Front-line bowling attack and ‘marquee’ middle-order batsman selected. Therefore, the No.1 batting position is the next most important position. The best opening batsman still available should be selected at this point in the draft.
In the following analysis the author ranks Bob Simpson as the third greatest opening batsman;
It Figures | Cricket Blogs | ESPN Cricinfo
During the analysis he admits that;
Bobby Simpson is the surprise package. The main reason is that his overall batting average is only 46.82. However his opening average is 55.52, that too, 52.55 at home and 58.48 away. His opening partnerships, mostly with Lawry, averaged 68 and he faced good quality pace bowling almost always.
Due to his inate courage and adversion to the hook shot, Bob Simpson is the openers’ equivalent to Steve Waugh.
Eighth Pick: Rohan Kanhai
Batting Average: 47.53
Highest Score: 256
The No.3 batting position is the next most important position. The best No.3 batsman still available should be selected at this point in the draft.
Geoff Armstrong in his book ‘The 100 Greatest Cricketers’ writes;
Rohan Kanhai was one of the finest No.3 batsman of them all. Of all cricketers to play Test cricket in the 1960s, only three – Ken Barrington from England, Garry Sobers from the West Indies, Graeme Pollock from South Africa – averaged more than 50 for their career. Kanhai played most of his Test cricket during the ‘60s, almost always batting at the fall of the first wicket . As a Test No.3 Test, the position that for most of the first 100 years of Test cricket was considered to be where a captain always put his best batsman, Kanhai averaged 52.69.
In 1966 the historian CLR James wrote an essay about Rohan Kanhai. In the essay he describes an innings made by Kanhai against an England XI at Edgbaston in 1964. He had scored 170 in under 3 hours;
Next day, Brian Johnson in the Daily Mail, Crawford White in the Daily Express, John Woodcock in The Times—three men who have watched critically all the great players of the last thirty years—made no effort to contain themselves: they had never seen such batting. Here and there some showed that in their minds the Everest conquered by Bradman had been once again scaled.
They were wrong. Kanhai had found his way into regions Bradman never knew. It was not only the technical skill and strategic generalship that made the innings the most noteworthy I have seen. There was more to it, to be seen as well as felt. Bradman was a ruthless executioner of bowlers. All through this demanding innings Kanhai grinned with a grin that could be seen a mile away.
A batting genius worthy to have along-side Greg Chappell in the middle-order.
Ninth Pick: Mushtaq Mohammad
Batting Average: 39.17
Highest Score: 201
Bowling Average: 29.22
Bowling Strike Rate: 66.5
5 Wickets/Innings: 3
A batsman with a good batting average who is also capable of taking regular wickets is desirable. The right-arm leg-spin of Mushtaq complements the left-arm orthodox spin of Verity and gives the bowling attack added variety and balance. Must be a significant improvement on the bowling skills of both Simpson and Chappell otherwise the subsequent slight drop in batting average becomes pointless.
One of only four men in Test history - Jacques Kallis, Sobers and Botham are the others - to have scored a hundred and taken five wickets in an innings more than once. Arguably Pakistan’s best allrounder pre-Imran.
Mushtaq’s greatest game happened against the West Indies at the Port of Spain in 1977 when a total of 177 runs against Roberts, Garner and Croft, plus 8 wickets at 12.13 runs a piece catapulted Pakistan to a 266 run victory. The final turning point of the game was the wicket of Vivian Richards in the second innings. Stumped Bari, bowled Mushtaq.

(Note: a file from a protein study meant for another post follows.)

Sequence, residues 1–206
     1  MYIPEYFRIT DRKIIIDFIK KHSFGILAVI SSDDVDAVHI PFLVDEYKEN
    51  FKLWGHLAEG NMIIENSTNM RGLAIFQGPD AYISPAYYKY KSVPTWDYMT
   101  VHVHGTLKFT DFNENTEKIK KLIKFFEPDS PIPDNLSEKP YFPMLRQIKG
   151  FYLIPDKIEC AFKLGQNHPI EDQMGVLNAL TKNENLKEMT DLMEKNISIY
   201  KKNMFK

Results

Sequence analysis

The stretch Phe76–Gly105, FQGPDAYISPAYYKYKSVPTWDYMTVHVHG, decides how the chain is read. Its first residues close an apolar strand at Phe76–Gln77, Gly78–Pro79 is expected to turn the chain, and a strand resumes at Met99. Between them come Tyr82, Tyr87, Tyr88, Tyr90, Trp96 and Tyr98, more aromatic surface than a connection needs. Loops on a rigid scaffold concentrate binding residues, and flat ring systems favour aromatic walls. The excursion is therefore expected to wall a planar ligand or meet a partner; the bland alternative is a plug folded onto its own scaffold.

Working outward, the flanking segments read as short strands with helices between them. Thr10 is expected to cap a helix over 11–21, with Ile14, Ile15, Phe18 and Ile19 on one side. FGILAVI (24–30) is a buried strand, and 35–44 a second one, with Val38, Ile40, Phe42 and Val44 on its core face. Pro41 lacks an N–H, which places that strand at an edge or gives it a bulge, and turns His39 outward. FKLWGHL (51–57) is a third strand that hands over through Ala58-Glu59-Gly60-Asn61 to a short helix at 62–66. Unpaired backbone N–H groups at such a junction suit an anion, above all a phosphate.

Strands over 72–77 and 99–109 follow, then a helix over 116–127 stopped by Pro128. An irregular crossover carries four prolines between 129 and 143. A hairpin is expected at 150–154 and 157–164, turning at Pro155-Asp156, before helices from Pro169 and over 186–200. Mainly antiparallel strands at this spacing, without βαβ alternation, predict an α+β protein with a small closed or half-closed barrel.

4th Test: West Indies v Pakistan at Port of Spain, Apr 1-6, 1977 | Cricket Scorecard | ESPN Cricinfo
Tenth Pick: Lindsay Hassett
Batting Average: 46.56
Highest Score: 198no
Due to an allrounder occupying the No.5 batting position it becomes vital to select a reliable batsman capable of both attacking or defending from the No.6 batting spot. Good leadership skills desirable as Greg Chappell and Bob Simpson were adequate but not great captains.
Lindsay Hassett was Wisden Cricketer of the Year in 1949. Wisden explains;
Although ARTHUR LINDSAY HASSETT finished second to Bradman in the Australian averages, statistics convey but an inadequate impression of his true value to the 1948 side. In addition to his playing ability Hassett's cheerfulness and leadership, which extended to off-the-field relaxation as well as in the more exacting part of the programme, combined to make him an ideal vice-captain able to lift a considerable load off Bradman's busy shoulders...
Hassett eventually become Australia’s captain after Bradman’s retirement and led his team to 14 victories and 4 defeats. Few captains have been more liked or respected;
Richie Benaud (1994 Obituary):
There are others who have made more runs and taken more wickets, but very few have ever got more out of a lifetime.
Chris Harte, historian (1950):
Hassett’s captaincy impressed from the start. His warmth of personality and sense of fun contrasted with Bradman’s efficient but cold methods. It was a happy tour with the players remembering particularly the hospitality offered to them.
As well as being a fine captain Hasset was an ‘artful strokemaker’ who was renowned for attacking the bowling of Bill O’Reilly before the Second World War. After 1948 his skills became more pragmatic but he lost none of his ‘lightness of touch’. Lindsay Hassett is therefore the ideal No.6 who is able to both defend or attack according to circumstance.
Eleventh Pick: Mark Taylor
Batting Average: 43.49
Highest Score: 334
Should be left-handed to upset the rhythmn of the new ball bowlers. Should also be orthodox and reliable to balance the attacking middle-order batsman as well as an allrounder occupying the No.5 batting position. Unfortunate that the second opening batsman is selected last in the draft but achieving overall team balance was more important than picking another ‘marquee’ batsman in the No.2 batting position.
Mark Taylors greatest batting feats were before 1991 when he averaged 97.50 in a home series against Imran, Waqar, and Wasim, and then 49.00 in the West Indies against Marshall, Ambrose, Walsh and Patterson.
A superb tactician and one of Australia’s best and most successful Captains means that he will be an excellent deputy to Lindsay Hassett.
Twelfth Pick: Tony Grieg
Batting Average: 40.43
Highest Score: 148
Bowling Strike Rate: 69.5
5 Wickets/Innings: 6
Should be a good allrounder capable of replacing Mushtaq Mohammad if the pitch has bounce and seam. Should be a good fieldsman and a nice bloke to have around carrying the drinks.
Powerful centuries against Lillee and Thomson in 1975, and then Holding and Roberts in 1976 imply both talent and resilience. Add six 5 wicket hauls, excellent slip fielding, plus good tactical awareness, and Tony Grieg is a very valuable 12th man.